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Tuesday, 1 November 2011

Phaeton

Remember that 1995 Sense and Sensibility scene in which dashing Mr. Willoughby recklessly drives a phaeton around town with Marianne Dashwood? The novel was published in 1811.  Fast drag your imagination to 2011 and the two lovers are today's rich hunk and a happy-go-lucky, attractive chick speeding on say, a Lamborghini Reventon.

In Pride and Prejudice, obsequious Mr Collin declares, "she (Lady Catherine de Bough) is perfectly amiable, and often condescends to drive by my humble abode in her little phaeton and ponies."

pha·e·ton  (f-tn)
n.1. A light, four-wheeled open carriage, usually drawn by a pair of horses.
   2. A touring car. ( The Free Dictionary)



Two ladies in a high perch phaeton. The owners of these sporty, open-air and lightning fast carriages actually drove the vehicle, as there was no place for a coachman. Phaeton seats were built high off the ground, the sides of the vehicle were open to the elements (a top could be pulled over as a screen from sun or rain), and the back wheels were larger than the front wheels.  However, these light, airy, well-sprung vehicles were prone to tipping over when turning around corners too fast, thus a driver had to be skilled in order to move at high speed. The phaeton, therefore, was extremely popular with the rakish set. (Vic, Jane Austen's World)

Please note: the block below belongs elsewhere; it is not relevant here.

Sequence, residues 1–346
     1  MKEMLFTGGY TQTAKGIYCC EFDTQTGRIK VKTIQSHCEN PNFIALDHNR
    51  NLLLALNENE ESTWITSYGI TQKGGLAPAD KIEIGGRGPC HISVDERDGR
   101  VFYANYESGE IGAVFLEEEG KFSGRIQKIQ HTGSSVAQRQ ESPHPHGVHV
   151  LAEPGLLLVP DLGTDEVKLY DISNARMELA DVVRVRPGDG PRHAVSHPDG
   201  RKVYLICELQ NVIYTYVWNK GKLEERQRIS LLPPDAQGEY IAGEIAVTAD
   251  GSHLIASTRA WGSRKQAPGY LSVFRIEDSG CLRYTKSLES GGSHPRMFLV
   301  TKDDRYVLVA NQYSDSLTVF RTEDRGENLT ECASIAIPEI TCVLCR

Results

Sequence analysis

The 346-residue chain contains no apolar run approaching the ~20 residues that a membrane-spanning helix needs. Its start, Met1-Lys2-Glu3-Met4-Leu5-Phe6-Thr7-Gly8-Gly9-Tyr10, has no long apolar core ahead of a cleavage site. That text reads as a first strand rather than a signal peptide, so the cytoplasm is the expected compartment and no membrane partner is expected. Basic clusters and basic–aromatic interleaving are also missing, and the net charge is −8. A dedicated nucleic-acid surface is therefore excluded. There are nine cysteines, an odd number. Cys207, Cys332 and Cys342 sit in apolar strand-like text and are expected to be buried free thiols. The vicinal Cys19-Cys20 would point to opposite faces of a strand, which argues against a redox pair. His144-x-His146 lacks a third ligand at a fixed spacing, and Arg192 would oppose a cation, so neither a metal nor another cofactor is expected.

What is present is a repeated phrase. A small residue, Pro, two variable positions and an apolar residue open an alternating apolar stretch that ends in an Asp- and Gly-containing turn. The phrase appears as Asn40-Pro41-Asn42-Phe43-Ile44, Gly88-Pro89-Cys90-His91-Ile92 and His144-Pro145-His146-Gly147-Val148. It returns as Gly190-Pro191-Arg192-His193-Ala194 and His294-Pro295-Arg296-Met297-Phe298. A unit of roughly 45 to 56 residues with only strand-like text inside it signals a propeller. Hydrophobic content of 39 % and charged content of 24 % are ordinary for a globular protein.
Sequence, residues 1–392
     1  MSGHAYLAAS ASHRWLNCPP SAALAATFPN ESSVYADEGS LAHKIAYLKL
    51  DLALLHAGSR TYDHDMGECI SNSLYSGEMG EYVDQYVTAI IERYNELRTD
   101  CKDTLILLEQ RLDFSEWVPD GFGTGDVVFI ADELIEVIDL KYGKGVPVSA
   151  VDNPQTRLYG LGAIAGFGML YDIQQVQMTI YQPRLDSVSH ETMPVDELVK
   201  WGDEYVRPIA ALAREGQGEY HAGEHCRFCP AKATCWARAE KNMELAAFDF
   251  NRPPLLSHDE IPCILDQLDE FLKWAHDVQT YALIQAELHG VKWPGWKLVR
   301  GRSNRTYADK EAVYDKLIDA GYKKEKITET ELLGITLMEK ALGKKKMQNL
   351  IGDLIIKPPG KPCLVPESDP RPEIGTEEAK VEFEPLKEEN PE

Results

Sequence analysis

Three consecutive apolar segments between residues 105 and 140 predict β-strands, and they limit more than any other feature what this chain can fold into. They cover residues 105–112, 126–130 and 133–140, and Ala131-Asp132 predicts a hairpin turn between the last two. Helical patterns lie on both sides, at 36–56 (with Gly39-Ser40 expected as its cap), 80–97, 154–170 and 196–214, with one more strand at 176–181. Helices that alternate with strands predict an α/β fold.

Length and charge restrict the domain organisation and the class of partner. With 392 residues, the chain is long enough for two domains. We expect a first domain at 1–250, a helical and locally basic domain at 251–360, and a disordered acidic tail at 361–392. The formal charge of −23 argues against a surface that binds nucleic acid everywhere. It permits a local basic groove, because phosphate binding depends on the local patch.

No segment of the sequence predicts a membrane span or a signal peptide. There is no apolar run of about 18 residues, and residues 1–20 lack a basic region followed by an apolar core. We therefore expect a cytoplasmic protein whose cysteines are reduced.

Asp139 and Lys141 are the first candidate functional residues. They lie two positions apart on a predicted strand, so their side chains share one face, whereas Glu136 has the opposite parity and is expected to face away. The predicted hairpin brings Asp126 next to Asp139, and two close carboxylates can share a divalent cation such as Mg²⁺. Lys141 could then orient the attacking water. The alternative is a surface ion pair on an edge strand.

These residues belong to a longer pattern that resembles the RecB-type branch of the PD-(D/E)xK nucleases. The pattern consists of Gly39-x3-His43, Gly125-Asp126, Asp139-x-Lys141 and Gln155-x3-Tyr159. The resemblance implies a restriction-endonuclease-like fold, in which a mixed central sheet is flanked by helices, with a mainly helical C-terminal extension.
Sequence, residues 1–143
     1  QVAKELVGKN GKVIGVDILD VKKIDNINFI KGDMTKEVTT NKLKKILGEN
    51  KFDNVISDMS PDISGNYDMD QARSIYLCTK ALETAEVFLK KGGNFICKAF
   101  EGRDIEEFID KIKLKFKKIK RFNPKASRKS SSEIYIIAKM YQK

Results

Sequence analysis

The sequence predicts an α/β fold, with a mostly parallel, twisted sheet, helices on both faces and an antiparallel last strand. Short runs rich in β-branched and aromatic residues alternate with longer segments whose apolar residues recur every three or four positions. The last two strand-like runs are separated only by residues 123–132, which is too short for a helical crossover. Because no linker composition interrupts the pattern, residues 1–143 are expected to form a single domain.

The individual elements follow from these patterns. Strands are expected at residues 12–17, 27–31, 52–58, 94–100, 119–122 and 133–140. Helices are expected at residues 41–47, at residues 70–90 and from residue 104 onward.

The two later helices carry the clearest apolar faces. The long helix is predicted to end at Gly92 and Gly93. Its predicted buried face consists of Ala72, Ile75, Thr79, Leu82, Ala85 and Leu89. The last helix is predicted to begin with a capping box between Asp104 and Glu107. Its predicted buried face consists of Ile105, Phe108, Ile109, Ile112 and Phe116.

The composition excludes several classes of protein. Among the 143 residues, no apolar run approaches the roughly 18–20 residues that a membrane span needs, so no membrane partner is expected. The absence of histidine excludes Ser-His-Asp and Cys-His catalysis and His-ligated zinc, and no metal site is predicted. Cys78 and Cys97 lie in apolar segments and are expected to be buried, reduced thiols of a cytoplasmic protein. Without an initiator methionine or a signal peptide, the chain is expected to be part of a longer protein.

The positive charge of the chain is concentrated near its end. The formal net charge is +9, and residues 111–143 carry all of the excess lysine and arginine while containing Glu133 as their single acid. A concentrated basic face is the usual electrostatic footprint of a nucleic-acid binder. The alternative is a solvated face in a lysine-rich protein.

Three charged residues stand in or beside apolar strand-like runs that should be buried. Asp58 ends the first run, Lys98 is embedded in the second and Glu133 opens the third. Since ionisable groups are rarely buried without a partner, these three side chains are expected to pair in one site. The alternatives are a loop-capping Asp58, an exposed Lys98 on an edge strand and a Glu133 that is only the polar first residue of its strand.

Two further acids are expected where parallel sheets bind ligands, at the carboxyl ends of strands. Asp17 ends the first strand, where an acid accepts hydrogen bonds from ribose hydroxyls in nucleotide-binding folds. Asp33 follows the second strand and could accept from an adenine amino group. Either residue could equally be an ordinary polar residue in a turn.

This post is linked with ABC Wednesday.

12 comments:

photowannabe said...

Great post and a good blog to get my brain in gear this morning.
This is a new word for me. Wonder how I can fit it into conversation today?

Jedediah said...

Those things looks slightly ridiculous and I'm not surprised they were prone to simply tipping over (the name seems to indicate that the inventors knew it as well).

Nanka said...

Quaint, but must have been very popular in that era!! :)

Roger Owen Green said...

those wild and crazy kids! fun

ROG, ABC Wednesday team

Leslie: said...

A perfectly aPt post for today! I really enjoyed reading about this kind of carriage and do remember them careening about! Love your analogy, too!

Leslie
abcw team

Jo Bryant said...

this was such a great post - loved it

anthonynorth said...

The sports carriage of the past. Nice.

Rajesh said...

Wonderful choice.

Carver said...

Fantastic post for P day. I love the illustration and what a great P word.

Gattina said...

Looks definitively better than driving in my car !

Meryl Jaffe, PhD said...

And I thought a carriage was just a carriage! Neat post.

chubskulit said...

Hands down ako sa coices of words mo sis, greAT post.

Join ka nostalgia uli.. mwah!